Yet Another Masterpiece From Iran
- Buddha Collapsed Out of Shame review by NC
There is a scene in this astonishing film which will haunt the memory for many moons to come. A girl is in a pit, we see what she sees, looking up through the eyeholes of a hood. A group of boys stand around like evil hours of a clock, holding stones. She has to be punished for wanting an education, and carrying lipstick (to be used as a substitute for an unaffordable pencil). It may be child's play - to the boys - but we see the terror a genuine victim must experience.
But the greatness of the film is that it shows the boys, playing at being the Taliban, are victims too. Brought up to believe in violence and inequality, they turn the paper of the girl's notebook into a swarm of floating planes. War(planes) instead of school. Division (girls cannot be educated with boys) instead of unity.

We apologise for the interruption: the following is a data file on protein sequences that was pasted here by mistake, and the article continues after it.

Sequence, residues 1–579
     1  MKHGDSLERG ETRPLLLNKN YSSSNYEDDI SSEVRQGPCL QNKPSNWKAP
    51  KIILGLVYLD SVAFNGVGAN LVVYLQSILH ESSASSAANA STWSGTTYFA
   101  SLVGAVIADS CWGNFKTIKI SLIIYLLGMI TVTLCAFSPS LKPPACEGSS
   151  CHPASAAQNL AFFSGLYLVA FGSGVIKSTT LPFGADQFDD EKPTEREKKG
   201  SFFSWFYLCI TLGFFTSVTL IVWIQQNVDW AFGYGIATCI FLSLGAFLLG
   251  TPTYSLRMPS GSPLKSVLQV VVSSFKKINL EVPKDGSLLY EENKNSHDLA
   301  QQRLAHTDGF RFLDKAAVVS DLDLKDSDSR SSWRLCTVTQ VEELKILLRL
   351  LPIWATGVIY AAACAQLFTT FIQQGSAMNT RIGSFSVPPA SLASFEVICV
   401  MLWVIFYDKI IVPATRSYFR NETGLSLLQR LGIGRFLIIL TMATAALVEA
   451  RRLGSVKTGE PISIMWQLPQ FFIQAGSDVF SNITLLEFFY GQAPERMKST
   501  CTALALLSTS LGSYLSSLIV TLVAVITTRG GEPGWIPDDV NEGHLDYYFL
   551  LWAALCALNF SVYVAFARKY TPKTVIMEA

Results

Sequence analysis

The acting from the children is as natural as the air - no self-conscious Hollywood starlet with dollar signs in their eyes here. And the photography is breathtaking.
The girl, Bakhtay, is one of those children we see so often in Iranian cinema. She has a goal - to go to school and learn to read 'funny stories', and the camera follows the journey. Familiar, maybe, but film-makers like Mohsen and Samira Makhmalbaf, Marziyeh Meshkini, Jafar Panahi, Majid Majidi, Asghar Farhadi, and others, rarely fail to create something immeasurably rewarding out of it. With 'Buddha Collapsed Out Of Shame' a 19 year old Hana Makhmalbaf joined the elite.
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